ICARD: Surely Sakkath cannot be influenced by emotion?
SAREK: Am I to be blamed for the judgment of a child? Sakkath is young and inexperienced. He erred in his assumption that I needed help!
PICARD: But you needed his help at the concert. Or is there possibly some other logical explanation for what happened that night?
SAREK: What happened?
PICARD: I saw you crying.
SAREK: I do not cry.
PICARD: I was there. I saw the tears.
SAREK: You exaggerate, Captain. I recall only one tear.
PICARD: So you were emotionally affected by the music.
SAREK: That is not possible!
PICARD: You still haven’t answered my question, Sarek. Is it logical for a Vulcan to cry?
SAREK: It was late. I was fatigued. Nothing more. The Legarans trust only me. They will not meet with any other member of the Federation. I must be allowed to complete my mission! There are no other logical solutions!
PICARD: No other logical solutions? But Ambassador, there are always other solutions. You have said so yourself many times.
SAREK: What I meant was that—
PICARD: Sarek of Vulcan would never be afraid of looking straight at something he did not want to see.
SAREK: I warn you! Your efforts to discredit me will not succeed!
PICARD: Sarek of Vulcan never confused what he wanted with the truth.
SAREK: I will not be spoken to in this manner!
PICARD: Do I hear anger in your voice?
SAREK: It would be illogical for a Vulcan to show anger! It would be illogical! Illogical! Illogical! Illogical!

As the hour approaches for the meeting with the Legarans, Picard prepares to cancel the negotiations, since Sarek is in no condition to carry out his role. But Perrin offers a desperate plan that would allow her husband to complete the mission and retire with pride and dignity: a mind meld with Picard to give him emotional stability.

Sure, why not? Under supervision by Dr. Crusher, Sarek and Picard merge minds, telepathically linking them to allow the Vulcan to funnel his uncontrolled rage and despair to the captain. As the ambassador successfully negotiates with the Legarans, achieving the goal he has worked toward for ninety-three years, Picard wrestles with his pent-up emotions, in true Shakespearean fashion.

PICARD: No! It is wrong. It is wrong! A lifetime of discipline washed away, and in its place bedlam. Bedlam! I am so old. There is nothing left but dry bones and dead friends. Tired, oh so tired.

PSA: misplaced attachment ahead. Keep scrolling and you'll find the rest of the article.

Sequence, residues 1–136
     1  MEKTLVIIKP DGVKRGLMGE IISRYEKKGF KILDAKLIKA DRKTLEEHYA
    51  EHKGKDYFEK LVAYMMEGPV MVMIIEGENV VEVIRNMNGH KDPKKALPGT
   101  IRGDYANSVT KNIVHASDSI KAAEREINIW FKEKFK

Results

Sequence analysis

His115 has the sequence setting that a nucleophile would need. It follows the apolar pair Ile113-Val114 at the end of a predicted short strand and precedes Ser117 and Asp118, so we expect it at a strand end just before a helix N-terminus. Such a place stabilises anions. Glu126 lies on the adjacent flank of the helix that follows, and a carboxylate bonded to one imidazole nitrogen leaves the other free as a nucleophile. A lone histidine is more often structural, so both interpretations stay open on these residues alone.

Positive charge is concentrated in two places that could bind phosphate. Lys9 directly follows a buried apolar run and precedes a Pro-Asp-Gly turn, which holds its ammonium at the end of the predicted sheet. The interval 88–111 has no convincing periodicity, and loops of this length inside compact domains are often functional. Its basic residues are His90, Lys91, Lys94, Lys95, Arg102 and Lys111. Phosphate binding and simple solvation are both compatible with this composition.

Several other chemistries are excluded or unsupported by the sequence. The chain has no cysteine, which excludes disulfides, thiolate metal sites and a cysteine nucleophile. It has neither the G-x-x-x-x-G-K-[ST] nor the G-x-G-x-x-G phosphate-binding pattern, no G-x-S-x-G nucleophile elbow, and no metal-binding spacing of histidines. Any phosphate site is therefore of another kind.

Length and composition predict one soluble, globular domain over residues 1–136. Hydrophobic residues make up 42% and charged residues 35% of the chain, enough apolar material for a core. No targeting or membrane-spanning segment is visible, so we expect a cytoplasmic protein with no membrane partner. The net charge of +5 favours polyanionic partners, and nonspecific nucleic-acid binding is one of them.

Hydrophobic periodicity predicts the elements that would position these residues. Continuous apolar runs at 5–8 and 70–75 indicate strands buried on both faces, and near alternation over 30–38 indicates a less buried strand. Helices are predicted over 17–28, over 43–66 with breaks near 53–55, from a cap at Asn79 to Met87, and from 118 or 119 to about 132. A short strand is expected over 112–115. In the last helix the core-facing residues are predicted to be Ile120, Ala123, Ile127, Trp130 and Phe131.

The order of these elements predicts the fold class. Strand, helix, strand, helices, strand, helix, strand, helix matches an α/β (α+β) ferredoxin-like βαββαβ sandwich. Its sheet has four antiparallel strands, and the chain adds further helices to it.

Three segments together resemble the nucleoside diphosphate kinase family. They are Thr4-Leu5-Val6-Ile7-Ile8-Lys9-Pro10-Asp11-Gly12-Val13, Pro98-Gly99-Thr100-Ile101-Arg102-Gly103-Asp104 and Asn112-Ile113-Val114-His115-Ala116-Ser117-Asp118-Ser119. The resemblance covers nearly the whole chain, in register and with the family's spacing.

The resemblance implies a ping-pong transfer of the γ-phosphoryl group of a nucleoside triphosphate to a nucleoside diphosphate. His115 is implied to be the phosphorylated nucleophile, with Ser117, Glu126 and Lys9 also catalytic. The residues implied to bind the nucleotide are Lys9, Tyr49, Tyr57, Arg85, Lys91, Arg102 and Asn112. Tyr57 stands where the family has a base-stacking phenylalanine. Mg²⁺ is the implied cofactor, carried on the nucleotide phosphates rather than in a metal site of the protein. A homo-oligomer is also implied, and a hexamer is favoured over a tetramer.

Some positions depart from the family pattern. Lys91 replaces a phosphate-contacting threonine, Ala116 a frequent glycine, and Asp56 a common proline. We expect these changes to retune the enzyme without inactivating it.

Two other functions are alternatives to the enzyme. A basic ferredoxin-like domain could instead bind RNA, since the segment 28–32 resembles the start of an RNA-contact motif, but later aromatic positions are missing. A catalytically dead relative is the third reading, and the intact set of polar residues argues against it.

CRUSHER: It will pass, all of it. Just another hour or so. You’re doing fine. Just hold on.
PICARD: No! This weakness disgusts me! I hate it! Where is my logic? I am betrayed by desires. I want to feel. I want to feel everything. But I am a Vulcan. I must feel nothing. Give me back my control.
CRUSHER: Jean-Luc!
PICARD: Perrin. Amanda. I wanted to give you so much more. I wanted to show you such tenderness. But that is not our way. Spock, Amanda, did you know? Perrin, can you know how much I love you? I do love you! Beverly.
CRUSHER: I’m here, Jean-Luc. I’m not going anywhere.
PICARD: It’s quite difficult. The anguish of the man, the despair pouring out of him, all those feelings, the regrets. I can’t stop them… I can’t stop them. I can’t. I can’t.
CRUSHER: Don’t even try.

With all that sorted, Picard bids Sarek farewell in the transporter room.

SAREK: We shall always retain the best part of the other inside us.
PICARD: I believe I have the best part of that bargain, Ambassador. Peace and long life.
SAREK: Live long and prosper.

sarek242

Analysis

The Star Trek fan boy in me still squees mightily whenever someone from the original series makes a guest appearance on TNG. Though we had a cameo from DeForest Kelley as Admiral McCoy (one of the few bright points in the pilot), having Mark Lenard reprise his most famous Star Trek role was a special treat and it’s a joy to see him onscreen again.

And yet. Although there is much to love here and Lenard’s performance is incredible, there’s something ever so slightly off about the episode. It doesn’t feel contrived exactly, but maybe it’s a bit too carefully constructed to appeal to long-time fans of the franchise. Consider this: Why is Picard the only person who can mind meld with Sarek to help him control his emotions? Why not Counselor Troi, for instance, who must deal with other people’s emotions all the time and is actually slightly telepathic? Sarek even says no human could control his emotions, but Picard pulls the “It’s only logical” card, to convince someone who is now incredibly illogical, and so it’s settled.

Is Picard the only choice because he’s the captain of the Enterprise and arguably the star of the show? Were they already planning for him to mind meld with Spock one day? Or maybe, probably, it’s because only Patrick Stewart could display the range of conflicting emotions so masterfully — it’s a tour de force, one of the most striking and moving scenes in the series. Then there’s this clever little bit of foreshadowing that seems a little too much like a wink on this re-watch: